Education expands share-in-savings
- By Diane Frank
- Jan 06, 2002
The Education Department has moved into increasingly turbulent waters as one of the few federal agencies to use innovative share-in-savings contracting, while Congress and the Bush administration try to encourage more agencies to do likewise.
Education's Office of Student Financial Assistance Programs (OSFAP) signed two new share-in-savings contracts with Accenture last month. The contracts are expected to save the agency more than $173 million across the next 10 years by consolidating its systems and moving applications to the Internet. OSFAP has been working with Accenture on share-in-savings contracts since 1999.
In a share-in-savings contract, the vendor puts up all or most of the funds for a new system and is then "paid back" by the agency across a predetermined number of years according to an agreed-on percentage of the savings the agency realizes through the use of the new technology.
Saving money is the key to a share-in-savings contract, and measuring those savings is the most difficult element. The agency and the contractor must determine a baseline — how much time and money the agency now spends on a certain function — and a goal — how much the agency wants to spend — so that the difference can be measured and shared.
The Bush administration called on agencies to expand the use of share-in-savings in the fiscal 2002 budget. The concept is popular for outsourcing payment collections. In the Energy Department's Federal Energy Management Program, for example, contractors contribute all the upfront costs to identify a federal agency's energy needs and make the improvements in return for a share of the savings.
The General Services Administration and Clinton administration procurement officials championed share-in-savings for IT contracts in the past three years, but only Education tried the idea.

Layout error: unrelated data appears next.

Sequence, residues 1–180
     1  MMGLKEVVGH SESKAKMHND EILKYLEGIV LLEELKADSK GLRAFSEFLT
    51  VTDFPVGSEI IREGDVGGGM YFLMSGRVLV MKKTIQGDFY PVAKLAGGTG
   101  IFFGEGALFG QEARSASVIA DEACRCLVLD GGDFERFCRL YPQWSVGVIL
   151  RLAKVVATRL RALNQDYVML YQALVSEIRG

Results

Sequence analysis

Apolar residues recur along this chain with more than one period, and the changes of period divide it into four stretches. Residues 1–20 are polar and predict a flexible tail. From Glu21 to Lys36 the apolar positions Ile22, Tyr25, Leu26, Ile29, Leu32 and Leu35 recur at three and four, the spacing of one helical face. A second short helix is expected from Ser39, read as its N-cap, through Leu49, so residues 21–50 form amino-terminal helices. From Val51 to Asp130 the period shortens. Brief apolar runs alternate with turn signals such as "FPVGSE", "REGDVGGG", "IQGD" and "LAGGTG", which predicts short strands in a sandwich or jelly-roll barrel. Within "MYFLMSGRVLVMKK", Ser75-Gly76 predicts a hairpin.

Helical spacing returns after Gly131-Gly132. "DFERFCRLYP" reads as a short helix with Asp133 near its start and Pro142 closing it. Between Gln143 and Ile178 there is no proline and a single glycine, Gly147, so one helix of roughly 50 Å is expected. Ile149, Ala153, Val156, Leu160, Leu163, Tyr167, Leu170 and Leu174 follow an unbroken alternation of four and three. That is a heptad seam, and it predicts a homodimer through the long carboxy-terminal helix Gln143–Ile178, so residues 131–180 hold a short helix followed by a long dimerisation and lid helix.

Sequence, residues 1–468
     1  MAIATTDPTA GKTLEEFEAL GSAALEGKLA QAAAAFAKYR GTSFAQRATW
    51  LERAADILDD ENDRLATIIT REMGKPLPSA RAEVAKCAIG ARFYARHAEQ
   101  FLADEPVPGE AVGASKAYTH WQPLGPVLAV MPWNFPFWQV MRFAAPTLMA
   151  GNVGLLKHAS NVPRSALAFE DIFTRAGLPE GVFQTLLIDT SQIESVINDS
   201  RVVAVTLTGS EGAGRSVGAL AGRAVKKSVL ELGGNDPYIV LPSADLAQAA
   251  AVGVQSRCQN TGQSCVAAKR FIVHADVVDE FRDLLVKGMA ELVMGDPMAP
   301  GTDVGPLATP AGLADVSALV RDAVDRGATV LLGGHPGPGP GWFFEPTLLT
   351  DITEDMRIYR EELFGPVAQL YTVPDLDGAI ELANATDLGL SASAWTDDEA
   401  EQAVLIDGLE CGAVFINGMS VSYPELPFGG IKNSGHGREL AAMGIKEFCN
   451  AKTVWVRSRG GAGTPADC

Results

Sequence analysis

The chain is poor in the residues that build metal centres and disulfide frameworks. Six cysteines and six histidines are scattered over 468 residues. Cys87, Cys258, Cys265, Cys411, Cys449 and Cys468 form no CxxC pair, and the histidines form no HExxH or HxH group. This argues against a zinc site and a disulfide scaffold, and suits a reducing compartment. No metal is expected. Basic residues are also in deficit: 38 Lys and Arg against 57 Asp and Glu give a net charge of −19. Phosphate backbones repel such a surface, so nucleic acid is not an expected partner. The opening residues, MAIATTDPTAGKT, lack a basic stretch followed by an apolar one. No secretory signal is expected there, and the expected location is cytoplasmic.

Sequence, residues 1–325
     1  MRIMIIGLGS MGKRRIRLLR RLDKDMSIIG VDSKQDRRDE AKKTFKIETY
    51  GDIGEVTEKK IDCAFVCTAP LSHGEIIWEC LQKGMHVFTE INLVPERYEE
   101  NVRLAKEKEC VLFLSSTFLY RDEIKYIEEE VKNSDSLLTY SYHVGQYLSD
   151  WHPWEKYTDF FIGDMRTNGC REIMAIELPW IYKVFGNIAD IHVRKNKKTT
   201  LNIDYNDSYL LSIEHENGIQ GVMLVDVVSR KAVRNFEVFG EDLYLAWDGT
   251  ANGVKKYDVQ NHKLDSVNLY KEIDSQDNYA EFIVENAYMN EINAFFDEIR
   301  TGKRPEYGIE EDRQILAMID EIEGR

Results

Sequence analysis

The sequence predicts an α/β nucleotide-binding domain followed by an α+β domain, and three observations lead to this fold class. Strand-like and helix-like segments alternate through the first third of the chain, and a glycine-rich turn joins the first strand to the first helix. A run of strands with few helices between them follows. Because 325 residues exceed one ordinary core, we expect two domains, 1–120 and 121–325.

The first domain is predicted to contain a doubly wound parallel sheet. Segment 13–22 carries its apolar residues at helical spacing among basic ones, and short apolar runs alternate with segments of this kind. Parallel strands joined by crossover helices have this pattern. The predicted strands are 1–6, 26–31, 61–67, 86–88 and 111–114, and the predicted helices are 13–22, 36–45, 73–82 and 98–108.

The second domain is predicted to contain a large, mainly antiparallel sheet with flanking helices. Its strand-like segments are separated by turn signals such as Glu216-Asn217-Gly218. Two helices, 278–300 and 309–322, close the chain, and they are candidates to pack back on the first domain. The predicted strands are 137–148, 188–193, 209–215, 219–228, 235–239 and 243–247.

Share-in-savings contracts can be daunting for agency and industry alike, said Steve Shane, the Accenture partner responsible for the Education account — not only because of the difficulty of setting baselines for measuring the savings but also because of the high level of commitment and partnership required by this type of contract. It's "a bit of a Ph.D. in contracting," he said.
Some larger federal integrators are working share-in- savings provisions into larger contracts, said Olga Grkavac, executive vice president of the Information Technology Association of America's Enterprise Solutions Division.
But many companies are struggling to understand how to use share-in-savings, which is "not the answer for every firm, [and] it's not the only answer for every procurement," she said.
Rep. Tom Davis (R-Va.), chairman of the House Government Reform Committee's Subcommittee on Technology and Procurement Policy, added a section encouraging the use of share-in- savings to his draft Services Acquisition Reform Act in November 2001.
Angela Styles, administrator of the Office of Federal Procurement Policy, questioned whether Davis was taking the right step at a hearing before the subcommittee that month. "We want to ensure that the methodology proves beneficial before it is expanded governmentwide or otherwise made permanent," Styles testified. "To date, we have not seen demonstrable results."
In its first OSFAP contract, Accenture developed a new Central Data System to replace multiple legacy systems. Already, the office is saving almost $1 million per month, and a much smaller contract to migrate the office and its users from a proprietary wide-area network to the Internet brought ad.ditional savings, Shane said.
The two new contracts are a continuation of the office's modernization effort, he said.
Davis' legislation may be the best way to get other agencies moving forward toward these types of partnerships, Shane and Grkavac agreed.
"Some people are waiting for it not to be just encouraged, but more blessed," Shane said.
*** Accenture's Education share-in-savings deals
* Integration and retirement of the legacy Central Data System, starting the modernization of the Office of Student Financial Assistance Programs. Awarded 1999.
* Migrating OSFAP and its customers, including schools and financial institutions, from the office's proprietary wide-area network to an Internet application for communication. Awarded 2000.
* Developing and deploying a Common Origination and Disbursement system, which will consolidate the many legacy systems used to disburse more than $50 billion in financial aid payments. Awarded December 2001.
* Integrating Web applications, such as electronic bill payment and online self-service, into the Direct Loan programs administered by OSFAP and its partners. Awarded December 2001.